The Rebs thankfully don't lose many major contributors off of the Landshark D for 2014, but notable departures are defensive back Charles Sawyer and linebacker Mike Marry. Marry in particular will be tough to replace, as he was a three-year starter at the mike linebacker position. Look for Marry's backup Keith Lewis to compete against signee Christian Russell for time at his spot. As for Sawyer, his corner spot is probably solidly occupied by Derrick Jones, with signees Tee Shepard and Kendarius Webster firmly in the rotation opposite of Senquez Golson.

Ole Miss Defensive Leaders

Name

Tackles (Total)

TFL

Turnover Plays

Sacks

PBU's

Serderius Bryant

78

12.5

0

3

1

Cody Prewitt

71

4.5

6

0

7

Tony Connor

66

5

1

1

6

Trae Elston

62

2

2

0

6

Mike Marry

52

4.5

1

1

1

Mike Hilton

52

5.5

1

0

4

The Rebels got a boost when All-America selection Cody Prewitt decided to return for his senior season.The Rebels will return 5 of the top 6 tacklers for the 2014 season that should help a unit that made great strides in 2013 despite the injuries. If this defense can stay healthy, it will be the strength of the team.

This is where is gets fun. There was a great deal of disparity in the numbers between the Rebs' wins and losses. In every game the Rebels lost this year with the exception of one (Auburn) they lost the first downs, average yards per play, and total offensive plays run. Another telling stat is the red zone touchdown percentage. In the Rebels losses, that was a paltry 26.66%! For the Rebels to make a jump in wins next year this must improve. That's the most understatement-y understatement we're gonna make here.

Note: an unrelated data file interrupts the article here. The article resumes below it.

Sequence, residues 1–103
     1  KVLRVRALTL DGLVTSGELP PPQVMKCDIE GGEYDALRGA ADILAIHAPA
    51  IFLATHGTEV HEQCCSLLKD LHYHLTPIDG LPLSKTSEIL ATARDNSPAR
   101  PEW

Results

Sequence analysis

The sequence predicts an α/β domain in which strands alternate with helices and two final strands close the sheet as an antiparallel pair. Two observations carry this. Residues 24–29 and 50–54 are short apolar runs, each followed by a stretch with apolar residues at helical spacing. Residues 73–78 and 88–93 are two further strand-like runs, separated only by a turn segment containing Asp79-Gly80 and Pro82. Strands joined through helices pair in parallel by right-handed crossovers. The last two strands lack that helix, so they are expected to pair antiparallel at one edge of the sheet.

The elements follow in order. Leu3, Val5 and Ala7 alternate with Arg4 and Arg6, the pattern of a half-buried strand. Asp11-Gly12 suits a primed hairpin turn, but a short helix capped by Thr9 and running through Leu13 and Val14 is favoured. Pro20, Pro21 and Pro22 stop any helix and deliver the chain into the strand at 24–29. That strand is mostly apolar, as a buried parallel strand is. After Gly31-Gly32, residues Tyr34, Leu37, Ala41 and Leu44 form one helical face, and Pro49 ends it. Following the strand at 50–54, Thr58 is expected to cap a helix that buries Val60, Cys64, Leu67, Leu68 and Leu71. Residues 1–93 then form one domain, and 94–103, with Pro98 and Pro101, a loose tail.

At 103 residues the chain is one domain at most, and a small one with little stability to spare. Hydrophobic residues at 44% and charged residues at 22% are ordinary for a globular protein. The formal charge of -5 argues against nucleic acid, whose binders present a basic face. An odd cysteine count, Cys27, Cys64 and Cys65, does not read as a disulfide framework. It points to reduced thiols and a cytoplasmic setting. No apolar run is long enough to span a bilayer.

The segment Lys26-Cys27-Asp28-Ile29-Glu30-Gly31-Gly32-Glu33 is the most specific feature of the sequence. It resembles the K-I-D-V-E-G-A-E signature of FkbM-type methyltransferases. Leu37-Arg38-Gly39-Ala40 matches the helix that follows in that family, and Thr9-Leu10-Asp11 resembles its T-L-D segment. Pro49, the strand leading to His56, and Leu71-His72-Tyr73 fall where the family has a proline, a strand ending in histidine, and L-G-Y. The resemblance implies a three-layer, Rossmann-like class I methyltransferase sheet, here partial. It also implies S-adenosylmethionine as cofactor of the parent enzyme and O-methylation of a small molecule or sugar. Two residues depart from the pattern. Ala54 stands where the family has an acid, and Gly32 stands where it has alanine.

Ole Miss Offense Season

Ole Miss Defense Season

OM Offense (Non Conference)

Ole Miss Defense (Non Conference)

Ole Miss Offense (Conference Wins)

Ole Miss Defense (Conference Wins)

Ole Miss Offense (Conference Losses)

Ole Miss Defense (Conference Losses)

Scoring

390

308

210

88

100

83

80

137

First Downs

317

266

28

16.4

27

21

19.2

24.2

Rushing Yardage

2470

2014

1439

442

485

436

546

1136

Passing Yardage

3683

2802

1342

994

1060

767

1281

1041

Total Offense

6153

4816

2781

1436

1545

1203

1827

2177

Avg Per Game

473.3

370.5

556.2

287.2

515

401

365.4

435.4

Average Per Play

6

5.3

6.84

4.3

6.33

5.933

4.88

5.74

Total Plays

1018

917

405

334

244

203

369

380

Avg. Play/Game

78.3

70.5

81

66.8

81.33

67.67

73.8

76

OM

OM (Non Conference)

OM (Confernce WIns)

OM (Conference Losses)

Turnovers

21

7

4

9

Punting

51 for 37.7 yds net

14 for 39.2 yds net

10 for 33.9 yds net

27 for 38 yds net

Time of Possession

29:44:00

31:20:00

31:45:00

26:59:00

3rd Conversion %

46%

51.4%

51.1%

37.8%

4th Conversion %

54%

61.67%

66.67%

47%

Sacks For

20 for 147 yds

9 for 73 yds

5 for 42 yds

6 for 32 yds

FG

16/24 (66%)

5/7 (71.4%)

5/7 (71.4%)

5/9 (55.56%)

Red Zone Scoring

74%

82%

91.67%

46.64%

Red Zone TD Scoring

52%

68%

60%

26.66%

Penalties

41.6 yds/game

42.8 yds/game

38 yds/game

42.6 yds/game

Team Stats

OM (FBS Rank)

OM (SEC Rank)

Total Yards

20th

5th

Passing Yards

24th

3rd

Rushing Yards

42nd

8th

Scoring Offense

56th

8th

Points Against

37th

7th

Rushing Defense

52nd

9th

Passing Defense

36th

8th

Total Defense

39th

7th

Turnover Margin

tied 56th

tied 7th

Pass Defense Efficiency

40th

5th

First Downs Offense

21st

5th

3rd Down Conversions

26th

4th

Red Zone Offense

109th

13th

Specialists

We got an Aussie punter! His name's Will Gleeson, and he's from Australia! He probably has a wacky accent and loves surfing. He also drives a Land Rover, eats steak, and calls a grill a "barbie" because, again, Australia. He'll replace Tyler Campbell, who punted admirably for the Rebs for a solid four seasons.

Andrew Ritter's kickoff and placekicking duties are likely to be split between Andy "Pop ‘n' Loch Ness Monster" Poppanastos and freshman Gary Wunderlich. The former grayshirted with the program last year, while the latter signed this year as one of the top high school kickers in America.

The Rebels lose their top punt returners in Jeff Scott and Jordan Holder to graduation, and really just need someone there who won't drop the ball and fork it over to LSU in critical moments (you know who you are). Let's just make it Laquon Treadwell and be done with it.

On kickoff returns, Jaylen Walton will get most of the work there alongside Mark Dodson Jr. or Kailo Moore.